How Hurricanes Affect the Oil Industry (& Its Workers)
We’re coming up on one year post-Hurricane Harvey and Irma, and communities are still reeling from the damage caused by the massive winds and rain. While the news was rightfully focused on the homes and businesses that were devastated on land, there was a quieter, more indirect type of damage inflicted on Texas’ economy: disruption to the oil industry.
2005’s Harsh Lesson for the Oil Industry
Over a decade ago, the US oil and gas industry suffered massive damage from Hurricane Katrina and Hurricane Rita, which followed shortly after. In the end, both storms wiped out 115 platforms and damaged 52 more—forcing the US to take a hard look at the industry’s hurricane preparations.
As a result, in 2008 the American Petroleum Institute issued new standards for offshore platform construction, including a new recommended height. According to Professor Robert Bea, a leading civil engineering profession at the University of California, Berkeley, the height of a platform is vital to its stability during a hurricane.
When waves crest during a hurricane, the base of a platform is subjected to thousands of pounds per square inch of pressure. If a platform wants to remain standing in a storm, it needs a reinforced base and a greater distance from the sea. In the 1940s, most platforms were 20-40 feet high. By the 1990s, they were often 70 feet high.
Since 2008, the recommended height for a platform is 91 feet.
Investment in Safety Paid Off, but Barely
Thanks to the API’s new standards and better hurricane protocols, very few platforms suffered major damage during last year’s Hurricane Harvey. However, another kind of issue arose: disruption to the national supply of oil (both crude and refined).
Because so much of the nation’s oil is collected, imported, or refined in the Gulf Coast, hurricanes can cause incredible short-term damage to the local economy. For instance, 20 percent of oil platforms and 25 percent of natural gas platforms shut down during Harvey, and 14 manned platforms were evacuated. The ones that weren’t evacuated shrank their production down for safety reasons.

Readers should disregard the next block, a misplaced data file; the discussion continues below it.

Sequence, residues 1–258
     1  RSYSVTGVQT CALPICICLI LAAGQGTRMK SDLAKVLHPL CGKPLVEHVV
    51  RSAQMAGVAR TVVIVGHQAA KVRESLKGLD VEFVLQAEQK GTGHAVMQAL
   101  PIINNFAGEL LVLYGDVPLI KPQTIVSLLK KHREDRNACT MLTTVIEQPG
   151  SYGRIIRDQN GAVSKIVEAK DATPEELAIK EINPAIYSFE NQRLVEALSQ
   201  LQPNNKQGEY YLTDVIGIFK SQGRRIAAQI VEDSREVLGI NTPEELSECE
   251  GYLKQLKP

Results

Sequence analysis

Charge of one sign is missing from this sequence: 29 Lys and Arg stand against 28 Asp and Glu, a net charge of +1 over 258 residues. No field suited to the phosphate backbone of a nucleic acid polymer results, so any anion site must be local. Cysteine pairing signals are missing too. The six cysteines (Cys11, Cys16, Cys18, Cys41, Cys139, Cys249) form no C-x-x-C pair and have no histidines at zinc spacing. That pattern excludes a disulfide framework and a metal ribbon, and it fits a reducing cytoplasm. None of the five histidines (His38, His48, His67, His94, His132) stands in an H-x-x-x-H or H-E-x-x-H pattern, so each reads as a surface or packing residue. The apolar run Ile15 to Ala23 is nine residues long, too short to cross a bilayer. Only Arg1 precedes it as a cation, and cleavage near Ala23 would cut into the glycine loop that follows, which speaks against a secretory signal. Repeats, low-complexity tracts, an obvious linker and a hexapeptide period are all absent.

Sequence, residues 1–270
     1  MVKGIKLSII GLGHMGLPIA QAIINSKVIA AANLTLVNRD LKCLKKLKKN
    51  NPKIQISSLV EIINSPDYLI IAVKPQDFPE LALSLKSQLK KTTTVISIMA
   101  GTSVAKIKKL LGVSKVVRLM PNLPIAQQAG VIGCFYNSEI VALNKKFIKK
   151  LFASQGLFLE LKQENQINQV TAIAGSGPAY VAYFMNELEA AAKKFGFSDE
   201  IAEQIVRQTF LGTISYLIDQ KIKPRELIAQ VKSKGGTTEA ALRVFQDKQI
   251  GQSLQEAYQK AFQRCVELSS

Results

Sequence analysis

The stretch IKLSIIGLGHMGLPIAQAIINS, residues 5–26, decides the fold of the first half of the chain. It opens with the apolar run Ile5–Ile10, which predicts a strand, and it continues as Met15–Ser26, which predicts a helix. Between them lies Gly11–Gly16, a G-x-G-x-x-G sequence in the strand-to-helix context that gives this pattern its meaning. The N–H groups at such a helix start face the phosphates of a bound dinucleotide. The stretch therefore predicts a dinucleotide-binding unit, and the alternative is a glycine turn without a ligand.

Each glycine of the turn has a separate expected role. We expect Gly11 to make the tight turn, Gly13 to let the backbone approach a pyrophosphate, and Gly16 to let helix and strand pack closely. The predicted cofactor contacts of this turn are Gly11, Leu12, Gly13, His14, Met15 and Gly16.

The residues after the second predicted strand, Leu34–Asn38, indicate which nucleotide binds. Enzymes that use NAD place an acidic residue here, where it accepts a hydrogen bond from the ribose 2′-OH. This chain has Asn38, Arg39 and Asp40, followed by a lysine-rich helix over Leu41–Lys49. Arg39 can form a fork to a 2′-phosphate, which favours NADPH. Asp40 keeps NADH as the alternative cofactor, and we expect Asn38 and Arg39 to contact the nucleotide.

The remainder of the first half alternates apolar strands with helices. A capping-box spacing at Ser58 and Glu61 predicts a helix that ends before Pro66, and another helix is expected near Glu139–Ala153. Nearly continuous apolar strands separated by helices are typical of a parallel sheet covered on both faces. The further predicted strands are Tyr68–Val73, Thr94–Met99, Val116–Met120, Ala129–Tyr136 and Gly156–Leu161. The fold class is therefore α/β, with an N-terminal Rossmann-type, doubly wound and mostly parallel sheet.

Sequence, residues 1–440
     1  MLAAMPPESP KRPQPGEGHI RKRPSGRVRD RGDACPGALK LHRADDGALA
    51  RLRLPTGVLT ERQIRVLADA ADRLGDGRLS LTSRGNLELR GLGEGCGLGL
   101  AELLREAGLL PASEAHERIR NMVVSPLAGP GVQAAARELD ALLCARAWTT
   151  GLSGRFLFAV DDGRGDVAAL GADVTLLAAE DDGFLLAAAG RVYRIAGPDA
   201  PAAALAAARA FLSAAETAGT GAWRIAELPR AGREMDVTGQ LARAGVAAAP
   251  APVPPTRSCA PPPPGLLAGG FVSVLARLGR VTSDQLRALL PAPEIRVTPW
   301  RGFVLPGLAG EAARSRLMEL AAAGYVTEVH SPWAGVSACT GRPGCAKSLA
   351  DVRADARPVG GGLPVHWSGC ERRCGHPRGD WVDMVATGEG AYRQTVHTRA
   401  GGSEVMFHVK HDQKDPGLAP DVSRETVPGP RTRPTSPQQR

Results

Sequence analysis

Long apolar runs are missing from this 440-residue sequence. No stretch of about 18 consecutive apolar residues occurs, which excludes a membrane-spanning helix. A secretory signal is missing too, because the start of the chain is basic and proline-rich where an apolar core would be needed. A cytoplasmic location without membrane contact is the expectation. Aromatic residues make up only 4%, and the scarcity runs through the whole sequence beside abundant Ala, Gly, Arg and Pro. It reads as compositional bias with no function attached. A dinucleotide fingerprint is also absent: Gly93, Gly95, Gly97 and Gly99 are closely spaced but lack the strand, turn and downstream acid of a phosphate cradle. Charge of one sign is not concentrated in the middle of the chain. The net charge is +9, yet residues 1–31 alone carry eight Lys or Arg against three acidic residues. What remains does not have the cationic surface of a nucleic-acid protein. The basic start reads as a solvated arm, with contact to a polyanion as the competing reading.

In addition, 11 major ports were closed during the storm, and railroads throughout Houston were shut down due to flooding. Refineries were battered the worst: Harvey caused the shutdown of 3.6 million barrels-per-day in capacity. The massive loss of industrial momentum had consequences for the rest of the US.
Platforms Didn’t Suffer Damage, but People Did
The oil industry, for all its equipment and infrastructure, relies on people to make it work. While platforms were ready to start up again days after Harvey passed through, production remained sluggish for weeks. Why? Because rig workers were still at home picking up the pieces with their families. Shell alone employs 10,000 people affected by Hurricane Harvey.
With the loss of oil collection and oil refining capacity, northern states had to rely on their petroleum reserves, and gas prices reached a 2-year high. General uncertainty about the industry also led to increased prices for fuel—but decreased the value of crude oil. Industry insiders noted that the damage only lasted a few weeks; things had returned to normal by September.
Experts believe the quick recovery was due to the following:
- The US being less reliant on oil for power
- Platforms that are built to be more stable
- Strategic petroleum reserves
However, those same strategic petroleum reserves that limited Harvey’s impact on the nation’s economy may soon be sold off, meaning that “safety net” may not be here for the next hurricane season.
The Problem with US Safety Preparation
Professor Bea believes that US regulations are still too weak, despite relatively little damage suffered during Hurricane Harvey. He cites the US safety approach as the main issue, contrasting it with the UK oil industry’s approach to weather safety. See, the UK utilizes a “safety case” system that prepares a facility for every known risk it's facing.
The US, on the other hand, tends to only prepare for problems that it has already faced. That sort of reactive approach may help keep costs low, but it ultimately leaves us all vulnerable to an unprecedented disaster. Part of the problem is that the Gulf Coast is largely calm throughout the year—except, of course, when it’s not.
Arnold & Itkin continues to advocate for the safety and economic stability of offshore workers (and Gulf Coast communities as a whole). If poor safety protocols or lack of preparation hurt you, reach out to us to learn how you can get your life back to normal.